- Donald Trump, The Apprentice. The guy transformed reality TV, breathing fresh life into the genre at the beginning of the year and spawning copycats. More importantly, he transformed himself using reality TV, making himself even more larger-than-life than he was before. No other reality show on television is more about its host and star than The Apprentice; in addition to selling placed products, it sells Trump himself. He’s unquestionably the best, most impressive reality TV whore in the whole universe.
- Ryan Seacrest, American Idol. Seacrest came out of the first Idol without a lot of job security, since he and Brian Dunkleman pretty much bombed as a team. But producers hired him back and he’s now a cornerstone of the series—however grating and annoying he might be, especially with those damn “after the break” announcements. This year, he decided to really use Idol as a springboard. Already an afternoon talk show host, he dumped that for a morning show. Then he started a new radio gig after bumping an American institution, Casey Kasem, from American Top 40 (although we are grateful that we’ll never have to hear another sappy “request and dedication” again). Then, he went live for a one-hour afternoon show every day. When he had time to sleep between these four simultaneous gigs is unknown. Clearly, he realized that this wave he’s riding will slam him into the shore sooner or later, and he’s doing his best to whore himself while he still can.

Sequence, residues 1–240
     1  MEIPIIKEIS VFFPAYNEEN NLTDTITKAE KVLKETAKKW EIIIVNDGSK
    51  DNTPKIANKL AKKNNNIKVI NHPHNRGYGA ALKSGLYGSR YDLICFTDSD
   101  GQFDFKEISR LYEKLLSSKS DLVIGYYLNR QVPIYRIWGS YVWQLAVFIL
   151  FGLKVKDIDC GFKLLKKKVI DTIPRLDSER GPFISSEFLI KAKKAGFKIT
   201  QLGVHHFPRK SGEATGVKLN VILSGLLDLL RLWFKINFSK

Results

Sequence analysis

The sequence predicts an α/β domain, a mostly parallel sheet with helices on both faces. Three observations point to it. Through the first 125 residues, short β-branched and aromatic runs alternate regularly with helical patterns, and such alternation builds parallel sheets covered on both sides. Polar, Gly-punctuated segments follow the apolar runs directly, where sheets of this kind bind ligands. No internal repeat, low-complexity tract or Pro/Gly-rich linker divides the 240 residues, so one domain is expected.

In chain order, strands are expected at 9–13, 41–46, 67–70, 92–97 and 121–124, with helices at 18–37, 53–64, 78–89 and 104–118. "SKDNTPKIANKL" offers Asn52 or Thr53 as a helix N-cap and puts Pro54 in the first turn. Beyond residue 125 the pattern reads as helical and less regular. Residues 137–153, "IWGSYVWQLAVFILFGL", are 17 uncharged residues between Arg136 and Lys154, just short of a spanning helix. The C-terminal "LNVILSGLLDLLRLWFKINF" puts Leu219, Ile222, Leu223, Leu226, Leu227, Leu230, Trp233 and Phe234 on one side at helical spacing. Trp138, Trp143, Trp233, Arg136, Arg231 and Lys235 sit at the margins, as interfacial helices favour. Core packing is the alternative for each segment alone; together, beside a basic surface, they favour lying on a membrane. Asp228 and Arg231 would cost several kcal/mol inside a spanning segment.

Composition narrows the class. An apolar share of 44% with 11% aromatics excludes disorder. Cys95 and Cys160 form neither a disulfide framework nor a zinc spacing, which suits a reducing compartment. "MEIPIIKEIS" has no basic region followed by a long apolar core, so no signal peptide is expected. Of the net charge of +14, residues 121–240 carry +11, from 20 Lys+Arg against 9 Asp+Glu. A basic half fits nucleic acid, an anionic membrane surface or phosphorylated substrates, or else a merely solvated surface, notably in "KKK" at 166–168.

- Journalists who wrote “reality TV is dead” stories. Considering these types of stories have been being written since the summer of 2000, one would imagine that journalists would stop embarrassing themselves by proclaiming that an entire genre of television is going to soon cease to exist. But no, the stories keep coming, every time there’s so much as a blip in the ratings. Certainly, we’ll see changes in the reality TV landscape, and there have definitely been swells inside this reality TV wave. But, really, the only reason they’re writing this crap is to get attention. These hack writers and alleged journalists are using reality TV, smacking it around because they like it that way. Worse, they pretend to be all moral about it, high and mighty and better than those of you curled up on your couches watching The Amazing Race, Big Brother, or Manhunt. Well, the jig is up. Journalists: Be critical, be analytical, hate the genre, whatever. But stop issuing death warrants just to compensate for a lack of (column) inches.